‘40,000 violations of the law’ in FBI snooping: report
Companies ‘all too willing’ to comply with FBI requests for personal information, EFF says
As the US prepares once again to extend the Patriot Act, a new report from a privacy watchdog indicates that the FBI’s use of the law and other surveillance powers may have led to as many as 40,000 violations of the law by the bureau in the years since 9/11.
According to documents obtained by the Electronic Frontier Foundation, from 2001 to 2008 the FBI reported nearly 800 violations of surveillance law and the Constitution to the Intelligence Oversight Board, a civilian monitoring group that reports to the president.
The EFF also determined that the FBI investigated some 7,000 potential violations of the law that occurred during surveillance operations. The group estimated that, based on the rate of reporting of violations, the FBI may have violated the law as many as 40,000 times during investigations since 9/11.
“The documents suggest the FBI’s intelligence investigations have compromised the civil liberties of American citizens far more frequently, and to a greater extent, than was previously assumed,” the EFF stated in its report.
Of the nearly 800 confirmed violations, about one-third involved National Security Letters, which give the FBI the ability to request private information about targeted suspects with little judicial oversight, and under a veil of secrecy that forbids the organization handing over private information from disclosing that the request was even made.
Though NSLs have existed since the late 1970s, federal authorities’ ability to use them was greatly expanded under the post-9/11 Patriot Act. Courts have subsequently weakened the gag-order element of NSLs.
Although lawmakers insisted that Patriot Act provisions would be used specifically in anti-terrorism investigations, it has since emerged that federal authorities have used them far more broadly. For example, “sneak and peek” searches authorized under the Patriot Act have been used in drug investigations.
What was most “startling” to the EFF about the use of security letters was the apparent willingness of companies and organizations to acquiesce to FBI demands, even when legal justifications for the request were absent. In many cases, the EFF reported, organizations handed over more information than the FBI requested, often in violation of privacy laws.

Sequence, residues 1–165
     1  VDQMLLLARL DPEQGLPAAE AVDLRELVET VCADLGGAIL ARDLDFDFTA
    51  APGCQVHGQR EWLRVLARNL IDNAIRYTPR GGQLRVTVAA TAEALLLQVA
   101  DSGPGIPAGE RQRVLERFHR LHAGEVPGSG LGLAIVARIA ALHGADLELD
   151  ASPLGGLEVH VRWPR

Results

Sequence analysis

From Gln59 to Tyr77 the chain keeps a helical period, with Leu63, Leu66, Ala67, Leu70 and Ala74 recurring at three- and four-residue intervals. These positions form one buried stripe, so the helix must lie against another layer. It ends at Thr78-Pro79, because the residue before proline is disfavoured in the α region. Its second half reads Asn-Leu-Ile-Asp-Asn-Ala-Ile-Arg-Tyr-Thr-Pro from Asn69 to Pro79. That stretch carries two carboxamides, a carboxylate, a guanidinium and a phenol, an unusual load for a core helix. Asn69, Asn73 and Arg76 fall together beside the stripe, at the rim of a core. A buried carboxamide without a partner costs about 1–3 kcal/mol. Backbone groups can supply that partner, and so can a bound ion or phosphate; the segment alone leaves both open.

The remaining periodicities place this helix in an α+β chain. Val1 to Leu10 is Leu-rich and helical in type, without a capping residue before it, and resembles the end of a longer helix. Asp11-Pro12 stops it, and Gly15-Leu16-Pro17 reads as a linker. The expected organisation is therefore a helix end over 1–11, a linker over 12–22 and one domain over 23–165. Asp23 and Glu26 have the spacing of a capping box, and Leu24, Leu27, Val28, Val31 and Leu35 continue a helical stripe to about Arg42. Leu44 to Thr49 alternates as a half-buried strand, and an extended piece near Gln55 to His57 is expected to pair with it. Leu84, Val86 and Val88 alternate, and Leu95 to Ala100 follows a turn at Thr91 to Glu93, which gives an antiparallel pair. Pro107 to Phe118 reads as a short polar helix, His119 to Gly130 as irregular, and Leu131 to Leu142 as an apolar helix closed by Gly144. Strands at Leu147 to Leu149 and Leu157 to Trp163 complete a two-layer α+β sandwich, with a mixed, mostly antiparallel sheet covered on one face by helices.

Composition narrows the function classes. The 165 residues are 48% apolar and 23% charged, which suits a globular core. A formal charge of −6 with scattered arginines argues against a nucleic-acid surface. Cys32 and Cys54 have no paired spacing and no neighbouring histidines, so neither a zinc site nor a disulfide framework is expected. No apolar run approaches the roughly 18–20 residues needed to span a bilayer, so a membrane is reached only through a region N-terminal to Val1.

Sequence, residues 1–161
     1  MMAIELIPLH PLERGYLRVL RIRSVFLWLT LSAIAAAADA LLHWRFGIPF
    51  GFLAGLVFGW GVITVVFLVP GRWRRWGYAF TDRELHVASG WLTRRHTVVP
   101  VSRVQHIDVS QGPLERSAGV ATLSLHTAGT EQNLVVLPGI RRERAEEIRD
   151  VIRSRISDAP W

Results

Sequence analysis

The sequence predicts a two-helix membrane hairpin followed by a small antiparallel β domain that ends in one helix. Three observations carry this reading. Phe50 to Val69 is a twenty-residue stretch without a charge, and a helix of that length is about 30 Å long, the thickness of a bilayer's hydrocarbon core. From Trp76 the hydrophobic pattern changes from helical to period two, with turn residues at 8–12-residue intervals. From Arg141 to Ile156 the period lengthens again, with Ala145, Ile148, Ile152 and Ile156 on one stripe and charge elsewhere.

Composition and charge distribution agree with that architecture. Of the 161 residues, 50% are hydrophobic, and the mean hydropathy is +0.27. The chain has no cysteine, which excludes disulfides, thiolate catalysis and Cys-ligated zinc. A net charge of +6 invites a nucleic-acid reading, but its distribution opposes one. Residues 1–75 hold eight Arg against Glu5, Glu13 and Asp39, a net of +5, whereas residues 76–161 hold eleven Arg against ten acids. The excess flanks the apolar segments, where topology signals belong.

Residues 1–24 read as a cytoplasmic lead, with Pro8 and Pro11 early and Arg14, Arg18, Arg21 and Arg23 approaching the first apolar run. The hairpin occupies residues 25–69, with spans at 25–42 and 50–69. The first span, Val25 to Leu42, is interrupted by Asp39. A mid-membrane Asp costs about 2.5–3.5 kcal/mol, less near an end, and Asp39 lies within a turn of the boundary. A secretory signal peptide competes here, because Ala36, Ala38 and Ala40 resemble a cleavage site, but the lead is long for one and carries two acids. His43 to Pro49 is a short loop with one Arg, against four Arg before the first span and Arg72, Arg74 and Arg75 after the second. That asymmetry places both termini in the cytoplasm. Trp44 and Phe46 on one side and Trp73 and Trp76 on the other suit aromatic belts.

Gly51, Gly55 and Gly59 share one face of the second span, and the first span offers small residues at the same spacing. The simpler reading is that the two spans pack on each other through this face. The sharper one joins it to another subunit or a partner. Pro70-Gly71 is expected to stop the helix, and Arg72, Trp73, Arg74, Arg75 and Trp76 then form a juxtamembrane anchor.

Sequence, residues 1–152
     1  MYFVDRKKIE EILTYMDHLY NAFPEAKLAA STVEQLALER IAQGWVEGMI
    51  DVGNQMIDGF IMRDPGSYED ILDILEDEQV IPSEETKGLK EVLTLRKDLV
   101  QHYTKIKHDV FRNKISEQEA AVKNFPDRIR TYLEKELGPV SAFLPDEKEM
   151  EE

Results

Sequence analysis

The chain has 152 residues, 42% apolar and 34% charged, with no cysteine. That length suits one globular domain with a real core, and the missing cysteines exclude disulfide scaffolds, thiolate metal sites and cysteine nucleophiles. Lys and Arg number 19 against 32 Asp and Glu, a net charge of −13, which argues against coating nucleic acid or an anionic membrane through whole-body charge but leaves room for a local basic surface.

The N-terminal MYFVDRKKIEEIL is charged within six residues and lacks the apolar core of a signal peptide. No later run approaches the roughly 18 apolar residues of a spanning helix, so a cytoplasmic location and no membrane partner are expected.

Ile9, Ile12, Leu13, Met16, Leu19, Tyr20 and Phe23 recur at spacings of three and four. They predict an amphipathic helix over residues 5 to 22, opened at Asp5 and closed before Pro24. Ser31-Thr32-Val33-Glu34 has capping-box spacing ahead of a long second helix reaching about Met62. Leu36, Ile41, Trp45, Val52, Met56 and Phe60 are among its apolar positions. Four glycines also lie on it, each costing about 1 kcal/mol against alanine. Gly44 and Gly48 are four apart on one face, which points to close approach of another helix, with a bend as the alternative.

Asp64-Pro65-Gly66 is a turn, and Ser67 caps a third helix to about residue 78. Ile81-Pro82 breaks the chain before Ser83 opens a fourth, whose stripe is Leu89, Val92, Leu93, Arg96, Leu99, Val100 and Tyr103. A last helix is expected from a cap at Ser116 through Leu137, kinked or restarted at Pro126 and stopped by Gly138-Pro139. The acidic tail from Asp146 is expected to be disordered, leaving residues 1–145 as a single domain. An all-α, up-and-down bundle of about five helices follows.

For example, in a violation reported in 2006, the FBI requested email header information for two email addresses used by a U.S. person.
In response, the email service provider returned two CDs containing the full content of all emails in the accounts. The FBI eventually (and properly) sequestered the CDs, notified the email provider of the overproduction, and re-issued an NSL for the originally requested header information; but, in response to the second NSL, the email provider again provided the FBI with the full content of all emails in the accounts.
“The FBI’s abuse of its NSL power has garnered much of the attention in the debate over the FBI’s abusive intelligence practices. What has not received as much attention, however, is the unwillingness of companies and organizations to guard their clients’ and users’ sensitive, personal information in the face of these NSL requests — whether the request was legally justifiable or not,” the EFF report stated.
The Patriot Act, passed into law some six weeks after the 9/11 attacks with little public debate, included “sunset” clauses for some of its more controversial provisions. Those clauses have been routinely expanded by Congress. The latest extension to the Patriot Act expires in February, 2011, and both the House and Senate have introduced bills that would see the controversial provisions expanded to 2013, past the next presidential election.
President Obama, who has already signed one Patriot Act extension into law, is expected to sign this one as well. The Senate version of the extension includes an expansion of judicial oversight of powers given law enforcement under the law.
“While many hoped the era of abusive FBI practices would end with the Bush Administration, there is little evidence that President Obama has taken significant measures to change past intelligence abuses,” the EFF stated.
“Instead of simply rubber-stamping the intelligence community’s continuing abuse of Americans’ civil liberties, Congress should seize this opportunity to investigate the practices of the FBI and other intelligence agencies, and to demand greater accountability, disclosure, and reporting from these agencies,” the EFF added. “Until then, the FBI’s pattern of misconduct will undoubtedly continue.”